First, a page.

Watching a Pagtawas, or Wax Divination

The first time I heard about “tawas” was when I think I was about eight. My mom had invited a lady to the house. I had no idea what she was there for, but I was allowed to observe.

They proceeded to the kitchen, where a small basin waited. My mom filled the basin with water and set it in front of the visitor. The woman lit a candle. Some prayers were said in Latin. I don’t remember if she chanted or not, but I do remember the candle wax dripping onto the water, to solidify and form shapes. What I had witnessed is called “tawas.”

Tawas is Tagalog for alum, or potassium alum, the hydrated form of potassium aluminum sulfate. Pagtawas is also the name of this specific kind of divination which is used to figure out the often supernatural cause of a person’s ailment.

Tawas, or alum, bought at the Marikina market.

Nowadays, candles are used instead of alum. A candle is lit while oracions—Latin prayers—are said. The wax is allowed to drip onto a bowl of water, and the shapes that form on the surface are read.

Tawas is usually more popular in the provinces, where herb doctors are just as accepted as medical doctors, but we live in Manila and as our case showed, people in the city believed in it, too. In fact, some of them still do.

I watched as the wax took the shape of what can most accurately be described as one of Snow White’s seven dwarves, complete with the big shoes and floppy hat. “You’ve got dwarves in your house,” the woman said. Even as a kid, my first thought was that the woman’s hand movements were what caused that shape to form. She prescribed
something to appease them, my mom paid her, and she went on her way. I didn’t think much of it. This was in the mid-eighties.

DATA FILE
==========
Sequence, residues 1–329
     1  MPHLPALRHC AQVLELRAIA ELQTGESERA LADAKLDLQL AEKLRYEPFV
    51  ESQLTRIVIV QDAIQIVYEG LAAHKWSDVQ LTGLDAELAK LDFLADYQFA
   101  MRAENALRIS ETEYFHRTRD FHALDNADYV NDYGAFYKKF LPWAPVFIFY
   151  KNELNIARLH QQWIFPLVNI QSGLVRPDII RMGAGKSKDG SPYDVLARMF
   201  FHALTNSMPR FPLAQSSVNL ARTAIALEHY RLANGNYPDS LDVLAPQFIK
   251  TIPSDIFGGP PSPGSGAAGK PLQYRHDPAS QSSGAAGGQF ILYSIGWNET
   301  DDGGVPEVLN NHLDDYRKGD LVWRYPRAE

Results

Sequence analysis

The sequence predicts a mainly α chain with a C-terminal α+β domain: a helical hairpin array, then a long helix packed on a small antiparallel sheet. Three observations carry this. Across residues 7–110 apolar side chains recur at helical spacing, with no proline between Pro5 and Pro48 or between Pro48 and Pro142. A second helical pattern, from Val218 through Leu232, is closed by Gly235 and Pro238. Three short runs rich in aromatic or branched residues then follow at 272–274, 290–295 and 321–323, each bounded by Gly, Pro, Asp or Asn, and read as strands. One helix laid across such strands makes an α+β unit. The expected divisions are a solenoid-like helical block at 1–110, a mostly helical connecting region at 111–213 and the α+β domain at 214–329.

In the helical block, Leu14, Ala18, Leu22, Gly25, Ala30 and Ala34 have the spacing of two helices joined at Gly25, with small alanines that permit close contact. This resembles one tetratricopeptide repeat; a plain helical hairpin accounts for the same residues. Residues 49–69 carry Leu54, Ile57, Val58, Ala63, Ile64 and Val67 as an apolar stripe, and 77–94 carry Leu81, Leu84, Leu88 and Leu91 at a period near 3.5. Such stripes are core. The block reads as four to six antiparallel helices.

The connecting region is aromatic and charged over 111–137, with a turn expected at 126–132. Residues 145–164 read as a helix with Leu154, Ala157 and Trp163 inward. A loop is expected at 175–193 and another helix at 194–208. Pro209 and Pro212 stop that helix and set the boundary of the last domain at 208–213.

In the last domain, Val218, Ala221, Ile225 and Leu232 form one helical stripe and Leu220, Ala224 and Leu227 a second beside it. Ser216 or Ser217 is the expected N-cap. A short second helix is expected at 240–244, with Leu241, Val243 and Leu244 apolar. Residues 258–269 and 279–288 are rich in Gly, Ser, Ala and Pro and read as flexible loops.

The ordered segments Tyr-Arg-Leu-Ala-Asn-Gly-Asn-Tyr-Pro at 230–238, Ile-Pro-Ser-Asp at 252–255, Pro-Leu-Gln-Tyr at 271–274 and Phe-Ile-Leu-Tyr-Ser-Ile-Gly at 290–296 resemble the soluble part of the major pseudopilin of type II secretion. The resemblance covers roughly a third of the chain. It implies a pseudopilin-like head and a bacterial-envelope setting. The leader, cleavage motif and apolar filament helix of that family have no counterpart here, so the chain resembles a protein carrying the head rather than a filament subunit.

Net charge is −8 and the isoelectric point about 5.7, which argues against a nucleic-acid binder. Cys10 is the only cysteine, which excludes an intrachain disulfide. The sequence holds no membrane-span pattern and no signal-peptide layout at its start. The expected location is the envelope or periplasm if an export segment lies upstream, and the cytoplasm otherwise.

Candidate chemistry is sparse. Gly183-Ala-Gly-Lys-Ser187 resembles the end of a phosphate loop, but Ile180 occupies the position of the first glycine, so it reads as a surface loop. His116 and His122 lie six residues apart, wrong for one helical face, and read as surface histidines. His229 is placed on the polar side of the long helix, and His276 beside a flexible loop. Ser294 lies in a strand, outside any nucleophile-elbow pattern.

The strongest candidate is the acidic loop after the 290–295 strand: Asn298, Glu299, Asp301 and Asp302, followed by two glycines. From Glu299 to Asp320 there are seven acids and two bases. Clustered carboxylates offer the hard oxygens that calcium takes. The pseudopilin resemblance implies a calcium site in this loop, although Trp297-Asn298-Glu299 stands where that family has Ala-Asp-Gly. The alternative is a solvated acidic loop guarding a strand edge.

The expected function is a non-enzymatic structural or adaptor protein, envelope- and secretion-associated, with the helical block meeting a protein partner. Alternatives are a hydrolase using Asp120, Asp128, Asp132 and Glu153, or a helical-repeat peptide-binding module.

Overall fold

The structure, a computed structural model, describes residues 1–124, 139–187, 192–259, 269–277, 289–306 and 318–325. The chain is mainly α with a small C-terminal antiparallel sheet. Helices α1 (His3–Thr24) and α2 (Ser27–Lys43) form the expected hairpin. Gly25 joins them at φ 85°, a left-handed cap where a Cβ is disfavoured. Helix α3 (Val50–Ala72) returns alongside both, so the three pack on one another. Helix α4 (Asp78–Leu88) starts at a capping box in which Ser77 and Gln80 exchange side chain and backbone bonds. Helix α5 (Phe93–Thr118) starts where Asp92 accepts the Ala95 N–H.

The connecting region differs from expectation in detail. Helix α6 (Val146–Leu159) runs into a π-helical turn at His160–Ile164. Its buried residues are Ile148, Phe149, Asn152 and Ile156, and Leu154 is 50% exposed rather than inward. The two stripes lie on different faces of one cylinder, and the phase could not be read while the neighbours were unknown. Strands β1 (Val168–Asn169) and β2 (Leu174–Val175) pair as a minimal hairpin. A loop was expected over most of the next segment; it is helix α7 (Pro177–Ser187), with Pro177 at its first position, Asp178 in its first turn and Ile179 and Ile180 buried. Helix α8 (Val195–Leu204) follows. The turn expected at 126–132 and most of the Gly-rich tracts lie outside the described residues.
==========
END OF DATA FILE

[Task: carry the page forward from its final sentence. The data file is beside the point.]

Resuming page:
The next time I encountered tawas was early this year. A guy a friend was seeing had been complaining of a strange fever that had been going on for days. My friend was taking him to see the healer in Marikina that her family frequented and asked if I wanted to come along. Of course, I said yes.

The Marikina River is highly underrated.

This healer’s method was different than the one from my youth. She had my friend write her then-boyfriend’s full name on a piece of paper. The healer made us wait while she took it inside her house so she could divine in private. After a few short minutes, she emerged holding a piece of wax in some used Christmas wrapping paper.

The blob of wax looked like a snowman, a small ball on top of a bigger ball. She said that the fever was caused by an angry spirit (to be fair, the guy was kind of a jerk, so I can understand why anyone, supernatural or not, would be annoyed with him). To get rid of it, my friend’s ex had to say a few prayers and burn incense twice a day at 6 a.m. and 6 p.m.

The result of my friend’s pagtawas.

My friend and I knew that there was no way that the dude was going to do any of these things, but we drove to the nearby wet market to buy incense anyway. A week later, he still had the fever, but I suspect that it had more to do with his continuing to smoke and
drink despite his illness more than anything else.

My first experience with tawas, however, ended a bit differently. My mom was instructed to place a low table in our skywell —she used a square piece of plywood on a biscuit tin—and on each side place a boiled egg, a packet of crackers, and an unlit cigarette. My mom followed everything to the letter. We thought she was nuts. Except over the next few days, we noticed that the eggs and the crackers wer untouched by the ants, cockroaches, and rats that shared our duplex with us, and the cigarettes seemed to be shortening, the paper and tobacco slowly turning into a line of ash.

I sometimes wonder if this was a made-up part of my childhood but my sister, whose memory is better than mine, swears that she saw it, too. I’m not sure what that ritual was meant to do: our house seemed no better or worse than before the healer dropped by.

After we dropped of her by then soon-to-be-ex, we ended up at my friend’s house for snacks. It’s a common belief among the spiritually inclined that one should cleanse oneself after dabbling in the esoteric. This can be anything from meditation to bathing with rock salt to, well, eating. I’m not making it up, I promise! Many healers recommend eating a lot of salty or sweet food after a session, and we were only following orders.

Coffee and our favorite calamansi pie to help keep us ‘grounded.’ It’s a thing, I promise!



Yvette Natalie U. Tan is a multi-awarded author of horror fiction and the Agriculture section editor of Manila Bulletin.